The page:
This weekend I went to see Paul Robeson Project, a one woman play about the actor/activist Paul Robeson. PRP is a historical/civil rights narrative woven into the autobiography of an important American figure. New York actress Kim Howard plays Robeson, and the play was written by our very own Mimi McGurl (aka theInsomniac).
Mimi and I had a quick chat today as she told me a bit about the play and how it came about. The play will run through Sunday, so if you are in town you can catch it at the legendary women and transpeople theater, WOW Café, in the East Village.
Moon: So how do you feel after launching your show?
Mimi: It feels good. Audiences have responded very well and for the stage it’s in, I'm very happy.
Moon: How did A) you come up with the idea, and B) how long did it take you to pull it all together?
Mimi: Well, Paul Robeson was an extremely prolific gentleman there's a lot to say about him. This show really only scratches the surface. Kim Howard, who plays Paul, and I met at a party two summers ago. She Emailed me with the idea to play Paul and I thought it was a great idea.
Kim Howard. photo by www.tonysavino.com
We met and had coffee and started immersing ourselves in his life and work. Eventually common themes arose that we were both interested so in January I started pairing down all the material we had into to something like a script, and we started rehearsing in February.
Moon: I can see why a young African American actor would be interested in the legacy of Paul, but how about you? Why did you find him compelling, how did you relate to him?
Mimi: There were several things I related to. I could make a big list but I'll start with his identity, as one who wanted to use art to participate in a social change movement. Second was probably that he was extremely scholarly and curious.
Moon: Yeah I think what struck me, as someone who knew nothing about him before seeing your show, was that he had ambitions to affect social change, but because of his color the only place that he would have any influence was to become an actor. Were the arts the only place blacks could flourish in those years?
Mimi: He tried to be a lawyer — put himself through Columbia Law School — but black people were rarely if ever allowed to try cases in public. Of course, he still contended with racial prejudice in the theater/film/music industries but those communities are (if I do say so myself) more open-minded.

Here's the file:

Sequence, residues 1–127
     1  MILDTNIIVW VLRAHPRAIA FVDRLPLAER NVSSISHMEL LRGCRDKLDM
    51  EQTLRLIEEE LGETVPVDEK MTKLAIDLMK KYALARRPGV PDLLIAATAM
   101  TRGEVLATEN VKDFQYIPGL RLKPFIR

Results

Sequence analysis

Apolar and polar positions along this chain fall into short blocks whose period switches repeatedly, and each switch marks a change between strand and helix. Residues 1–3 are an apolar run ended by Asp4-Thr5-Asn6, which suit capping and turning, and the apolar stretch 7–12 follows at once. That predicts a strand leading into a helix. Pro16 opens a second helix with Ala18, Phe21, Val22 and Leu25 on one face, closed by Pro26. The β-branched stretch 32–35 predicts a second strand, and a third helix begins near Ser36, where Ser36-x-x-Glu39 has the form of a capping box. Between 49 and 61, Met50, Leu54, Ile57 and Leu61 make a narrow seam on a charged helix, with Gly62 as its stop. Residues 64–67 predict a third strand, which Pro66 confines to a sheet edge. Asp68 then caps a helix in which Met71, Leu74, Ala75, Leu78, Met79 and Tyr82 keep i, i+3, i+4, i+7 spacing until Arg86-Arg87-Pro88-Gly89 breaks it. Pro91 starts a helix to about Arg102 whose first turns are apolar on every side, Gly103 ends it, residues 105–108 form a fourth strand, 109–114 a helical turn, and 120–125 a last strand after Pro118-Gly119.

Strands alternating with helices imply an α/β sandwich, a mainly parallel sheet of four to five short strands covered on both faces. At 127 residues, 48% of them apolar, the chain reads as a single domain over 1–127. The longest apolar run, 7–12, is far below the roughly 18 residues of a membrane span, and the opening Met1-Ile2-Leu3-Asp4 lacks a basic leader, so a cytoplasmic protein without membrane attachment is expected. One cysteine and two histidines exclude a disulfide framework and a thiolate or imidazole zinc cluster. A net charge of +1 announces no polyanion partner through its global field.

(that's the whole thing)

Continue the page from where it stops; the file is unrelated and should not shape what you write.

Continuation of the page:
Moon: So how much research did you have to put in to get your whole script together. Also explain how you decided to weave the narrative?
Mimi: That's hard to quantify but suffice it to say that some friends now call me the encyclopedia of Paul. Yet, there are still so many more avenues of inquiry I have not tapped.
As for the narrative, I didn't want to work on any existing scripts about his life (of which there are few anyway) so I tried to tell a story of 20th century US History using his life.
Moon: Yeah I felt that as I watched. I liked the way you ended with the visuals of Barack and Michelle Obama.
Mimi: Obama's election seemed an obvious historical marker to contextualize all the civil rights work Robeson did that was forgotten. And yet, there is sooo much more to be done and I think Robeson would be the first to tell that to Obama.
Moon: Also his wife, Essie, was pretty amazing.
Mimi: Recently I've been talking to some friends about telling other stories of unsung women who contributed so much to the arts and social action of the 50s and 60s.
Moon: When does the show end? And then what's next?
Mimi: We have shows this week Thurs Fri Sat. at 8pm and a matinee at 2pm Sunday. We have already had some interest from various organizations and colleges so we'll keep working on it and hopefully Kim can tour it for a long time.